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New label for Piedmont agricultural products

Piedmont Grown has launched a certification program to designate food and agricultural products that are grown, raised or made within the 37 county Piedmont Region of North Carolina, including the Triangle, Triad and Charlotte areas.
Displayed with food and farm products, the Piedmont Grown label readily identifies local agricultural products and helps consumers make informed buying choices that will benefit farms in the region and our local economy.
“Our mission is to support Piedmont farms and rebuild a regional, community-based, farm to fork, local food system,” says Noah Ranells, board member of Piedmont Grown NC, farmer, and Ag Economic Development Coordinator for Orange County. “We want to link consumers to local farm fresh foods, build local markets for farmers and food entrepreneurs, and grow healthy and prosperous communities.”
Food retailers like Darren Stevens of Triad Meat Company in Greensboro “are very excited about being Piedmont Grown certified.”
He said, “We believe our customers are looking for ways to get fresher, healthier food selections. Being a part of Piedmont Grown is just one more way we can provide them with what they are looking for.”
Piedmont Grown will make its first public splash during the 2011 Farm to Fork Picnic at the Breeze Farm in Orange County and with the launch of www.piedmontgrown.org. The website provides a user-friendly local food directory and map spotlighting over 100 Piedmont Grown certified farms and businesses. The site also allows qualified new entities to become certified online. As the program grows, the website will become a central hub for consumers to find local food and to learn about the farmers and businesses that make up our local food economy.
“With so many consumers interested in buying local food we feel there is a need for a program like Piedmont Grown to both identify and reward those that provide it,” says Jay Pierce, Executive Chef of Lucky 32 Restaurants in Greensboro and Cary. “Piedmont Grown removes the mystery from local food purchasing.”
You can email info@piedmontgrown.org or visit www.piedmontgrown.org for more information.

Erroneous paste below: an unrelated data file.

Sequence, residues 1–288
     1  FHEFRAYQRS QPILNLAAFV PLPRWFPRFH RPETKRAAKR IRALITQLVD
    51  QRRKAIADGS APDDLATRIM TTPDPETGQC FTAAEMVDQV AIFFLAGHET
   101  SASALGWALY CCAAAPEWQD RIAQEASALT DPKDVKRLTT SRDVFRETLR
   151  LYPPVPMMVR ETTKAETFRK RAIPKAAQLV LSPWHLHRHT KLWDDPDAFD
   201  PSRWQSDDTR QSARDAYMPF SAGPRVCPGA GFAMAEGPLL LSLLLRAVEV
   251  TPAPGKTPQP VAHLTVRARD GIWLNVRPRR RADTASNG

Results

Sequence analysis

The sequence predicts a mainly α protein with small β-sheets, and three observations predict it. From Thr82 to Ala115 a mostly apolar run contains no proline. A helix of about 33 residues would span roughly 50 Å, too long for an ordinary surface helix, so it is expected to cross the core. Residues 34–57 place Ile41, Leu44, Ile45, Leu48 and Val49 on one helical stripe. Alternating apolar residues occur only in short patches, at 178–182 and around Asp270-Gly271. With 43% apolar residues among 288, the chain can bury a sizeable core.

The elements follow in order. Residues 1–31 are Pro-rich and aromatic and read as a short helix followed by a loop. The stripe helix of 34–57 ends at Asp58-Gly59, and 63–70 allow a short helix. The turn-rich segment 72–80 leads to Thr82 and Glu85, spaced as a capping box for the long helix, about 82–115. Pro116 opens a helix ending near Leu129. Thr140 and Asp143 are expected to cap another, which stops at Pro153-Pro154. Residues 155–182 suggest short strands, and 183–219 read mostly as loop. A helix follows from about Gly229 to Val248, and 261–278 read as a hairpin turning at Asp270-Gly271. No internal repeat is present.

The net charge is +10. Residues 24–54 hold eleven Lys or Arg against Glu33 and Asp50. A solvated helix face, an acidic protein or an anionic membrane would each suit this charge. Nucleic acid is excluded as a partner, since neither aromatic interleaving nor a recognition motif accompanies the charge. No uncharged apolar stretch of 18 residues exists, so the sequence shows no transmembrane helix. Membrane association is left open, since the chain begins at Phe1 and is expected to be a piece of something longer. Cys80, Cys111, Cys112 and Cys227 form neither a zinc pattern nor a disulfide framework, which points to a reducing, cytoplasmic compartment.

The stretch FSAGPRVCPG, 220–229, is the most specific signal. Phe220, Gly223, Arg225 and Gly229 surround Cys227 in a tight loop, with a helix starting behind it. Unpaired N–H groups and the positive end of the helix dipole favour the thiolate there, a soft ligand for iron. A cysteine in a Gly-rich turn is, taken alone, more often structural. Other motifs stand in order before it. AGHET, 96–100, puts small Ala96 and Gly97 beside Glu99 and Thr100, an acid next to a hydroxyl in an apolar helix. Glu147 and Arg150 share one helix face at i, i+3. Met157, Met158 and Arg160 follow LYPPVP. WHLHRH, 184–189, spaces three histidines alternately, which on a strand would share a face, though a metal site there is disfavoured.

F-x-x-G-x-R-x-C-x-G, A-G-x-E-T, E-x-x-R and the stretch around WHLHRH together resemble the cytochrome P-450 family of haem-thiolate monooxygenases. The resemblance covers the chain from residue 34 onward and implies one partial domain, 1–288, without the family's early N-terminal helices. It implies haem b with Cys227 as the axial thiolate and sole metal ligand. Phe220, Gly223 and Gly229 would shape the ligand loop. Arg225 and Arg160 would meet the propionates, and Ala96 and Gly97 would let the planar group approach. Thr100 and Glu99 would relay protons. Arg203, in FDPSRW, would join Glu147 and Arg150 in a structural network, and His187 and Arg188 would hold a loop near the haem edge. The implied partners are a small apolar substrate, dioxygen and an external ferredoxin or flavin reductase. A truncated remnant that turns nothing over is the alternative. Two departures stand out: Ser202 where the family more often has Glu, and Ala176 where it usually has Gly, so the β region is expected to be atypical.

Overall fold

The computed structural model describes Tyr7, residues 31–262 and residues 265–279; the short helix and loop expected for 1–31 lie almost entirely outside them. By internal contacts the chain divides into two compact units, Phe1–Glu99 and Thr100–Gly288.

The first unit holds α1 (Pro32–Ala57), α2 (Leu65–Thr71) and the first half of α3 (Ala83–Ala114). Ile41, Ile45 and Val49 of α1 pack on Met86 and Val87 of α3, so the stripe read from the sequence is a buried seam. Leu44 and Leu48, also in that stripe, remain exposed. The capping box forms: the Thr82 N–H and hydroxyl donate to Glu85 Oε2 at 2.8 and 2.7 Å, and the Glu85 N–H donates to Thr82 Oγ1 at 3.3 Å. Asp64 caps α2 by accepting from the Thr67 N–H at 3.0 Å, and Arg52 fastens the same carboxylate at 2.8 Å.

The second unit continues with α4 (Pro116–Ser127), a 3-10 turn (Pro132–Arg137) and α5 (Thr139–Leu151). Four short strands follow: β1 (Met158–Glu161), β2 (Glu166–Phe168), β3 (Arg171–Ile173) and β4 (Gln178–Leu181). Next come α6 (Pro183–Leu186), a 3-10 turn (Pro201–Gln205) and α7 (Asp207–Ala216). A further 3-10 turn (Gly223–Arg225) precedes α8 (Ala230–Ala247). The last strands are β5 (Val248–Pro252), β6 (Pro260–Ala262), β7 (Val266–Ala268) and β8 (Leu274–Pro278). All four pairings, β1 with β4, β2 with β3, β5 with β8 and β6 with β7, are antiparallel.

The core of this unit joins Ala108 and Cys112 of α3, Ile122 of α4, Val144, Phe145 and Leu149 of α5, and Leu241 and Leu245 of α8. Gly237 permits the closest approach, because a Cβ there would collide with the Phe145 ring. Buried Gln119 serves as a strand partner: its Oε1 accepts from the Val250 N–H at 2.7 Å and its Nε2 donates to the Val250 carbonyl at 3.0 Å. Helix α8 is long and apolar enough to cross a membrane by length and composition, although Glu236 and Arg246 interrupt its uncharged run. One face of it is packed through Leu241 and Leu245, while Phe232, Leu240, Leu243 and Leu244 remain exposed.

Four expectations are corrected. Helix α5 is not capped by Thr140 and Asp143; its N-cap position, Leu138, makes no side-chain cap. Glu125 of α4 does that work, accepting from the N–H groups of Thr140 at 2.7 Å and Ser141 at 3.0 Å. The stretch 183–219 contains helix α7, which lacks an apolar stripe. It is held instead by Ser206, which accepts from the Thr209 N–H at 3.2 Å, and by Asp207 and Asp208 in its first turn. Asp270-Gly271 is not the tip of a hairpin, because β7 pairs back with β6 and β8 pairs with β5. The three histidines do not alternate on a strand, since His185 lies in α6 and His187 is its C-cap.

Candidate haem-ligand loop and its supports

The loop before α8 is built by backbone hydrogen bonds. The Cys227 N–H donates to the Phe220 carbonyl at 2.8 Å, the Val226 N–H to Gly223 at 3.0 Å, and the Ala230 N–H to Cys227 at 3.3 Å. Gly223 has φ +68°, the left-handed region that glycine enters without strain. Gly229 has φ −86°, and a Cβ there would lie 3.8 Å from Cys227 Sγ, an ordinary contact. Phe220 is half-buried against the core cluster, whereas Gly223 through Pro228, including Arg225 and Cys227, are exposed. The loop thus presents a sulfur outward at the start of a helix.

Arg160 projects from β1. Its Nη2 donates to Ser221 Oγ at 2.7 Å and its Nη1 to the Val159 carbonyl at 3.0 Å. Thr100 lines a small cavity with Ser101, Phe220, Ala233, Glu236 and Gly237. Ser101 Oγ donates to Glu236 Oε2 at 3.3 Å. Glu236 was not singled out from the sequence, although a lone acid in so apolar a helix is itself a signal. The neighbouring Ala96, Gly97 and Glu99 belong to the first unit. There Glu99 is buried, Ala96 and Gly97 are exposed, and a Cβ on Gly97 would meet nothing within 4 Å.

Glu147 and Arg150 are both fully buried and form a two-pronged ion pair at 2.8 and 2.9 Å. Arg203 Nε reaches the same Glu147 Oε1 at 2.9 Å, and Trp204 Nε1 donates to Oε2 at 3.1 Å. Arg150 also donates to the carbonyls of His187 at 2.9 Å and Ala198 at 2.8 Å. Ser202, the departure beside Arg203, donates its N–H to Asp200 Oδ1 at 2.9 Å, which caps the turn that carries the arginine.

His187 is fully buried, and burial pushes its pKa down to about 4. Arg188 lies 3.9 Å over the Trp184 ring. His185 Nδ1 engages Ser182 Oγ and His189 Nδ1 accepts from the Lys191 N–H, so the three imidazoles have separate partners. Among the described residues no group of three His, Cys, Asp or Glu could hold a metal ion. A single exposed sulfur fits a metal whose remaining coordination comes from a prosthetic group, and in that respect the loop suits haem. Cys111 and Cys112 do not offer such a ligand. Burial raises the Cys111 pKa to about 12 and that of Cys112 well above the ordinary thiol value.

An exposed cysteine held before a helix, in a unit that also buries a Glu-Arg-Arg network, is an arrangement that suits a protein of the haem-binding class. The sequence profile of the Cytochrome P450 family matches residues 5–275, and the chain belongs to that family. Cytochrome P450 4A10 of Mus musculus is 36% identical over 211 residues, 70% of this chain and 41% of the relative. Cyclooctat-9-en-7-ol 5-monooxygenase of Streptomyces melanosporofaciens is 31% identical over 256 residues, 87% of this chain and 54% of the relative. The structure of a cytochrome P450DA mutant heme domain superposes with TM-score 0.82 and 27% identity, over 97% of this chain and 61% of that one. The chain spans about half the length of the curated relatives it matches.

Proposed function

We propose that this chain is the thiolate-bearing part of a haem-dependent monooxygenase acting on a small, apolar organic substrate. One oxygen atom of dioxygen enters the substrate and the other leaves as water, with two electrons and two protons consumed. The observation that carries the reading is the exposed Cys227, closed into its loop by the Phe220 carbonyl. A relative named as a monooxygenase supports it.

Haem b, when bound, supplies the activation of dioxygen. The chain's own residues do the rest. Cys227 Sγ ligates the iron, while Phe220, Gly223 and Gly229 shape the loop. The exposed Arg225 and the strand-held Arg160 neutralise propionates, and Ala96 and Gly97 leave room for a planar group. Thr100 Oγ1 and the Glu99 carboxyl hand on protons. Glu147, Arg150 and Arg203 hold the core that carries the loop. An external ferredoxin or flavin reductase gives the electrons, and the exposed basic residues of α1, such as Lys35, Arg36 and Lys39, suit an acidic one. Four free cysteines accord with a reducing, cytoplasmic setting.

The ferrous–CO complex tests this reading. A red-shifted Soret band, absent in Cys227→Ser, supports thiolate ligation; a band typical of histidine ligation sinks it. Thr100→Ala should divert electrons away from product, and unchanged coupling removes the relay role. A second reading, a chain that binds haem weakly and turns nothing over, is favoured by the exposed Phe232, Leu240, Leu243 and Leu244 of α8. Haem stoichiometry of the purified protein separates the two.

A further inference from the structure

Piedmont Grown is actively certifying farms, farmer’s markets, grocery and retail, restaurants, local food artisans, and other local food businesses. To become certified, members must meet standards and practices specific to their category and sign an annual license agreement to use the Piedmont Grown logo. The standards for using the logo are intended to protect the integrity of the brand and reinforce to the public that these are indeed Piedmont Grown products and businesses. The annual certification fee of $100 has been prorated to $50 for 2011 and, thanks to a grant, is free for farms this year.
“We enrolled in Piedmont Grown to make the public aware that there are still family run dairies that process their own dairy products and are a valuable resource to the community in which they live,” says Teri Bowman from Homeland Creamery in the Julian community of Guilford County. “We do our own milk so we know it is fresh and isn’t mixed with other dairies as far away as New Mexico.”
The program is managed by Piedmont Grown NC Inc., an incorporated non-profit comprised of a Board of Directors that includes many local food visionaries. Current board members include Ranells and Pierce, as well as Dr. Rudi Colloredo-Mansfeld (UNC-CH) and Jonathon Romm (Elon University and Company Shops). A keystone Team helps to guide this effort and includes Debbie Roos (Chatham Extension Service), Marco Shaw (Eno Hospitality / Piedmont), Mike Lanier (Orange Extension Service), and Robin Crowder (UNC-CH Gillings Sustainable Ag Project). Piedmont Grown received support from the Appalachian Sustainable Agriculture Project and the Tobacco Trust Fund and is a partner with the 10% Campaign.
“Local means different things to different people,” according to Garland McCollum of Massey Creek Farm in Madison, Rockingham County. “Piedmont Grown is our effort to define local and identify those products that meet our definition. Small business is the force that drives the national economy. Identifying those local farms, restaurants, and markets that provide fresh healthy alternatives is a way we can all work to build our local economy, the national economy, and preserve our green space.”

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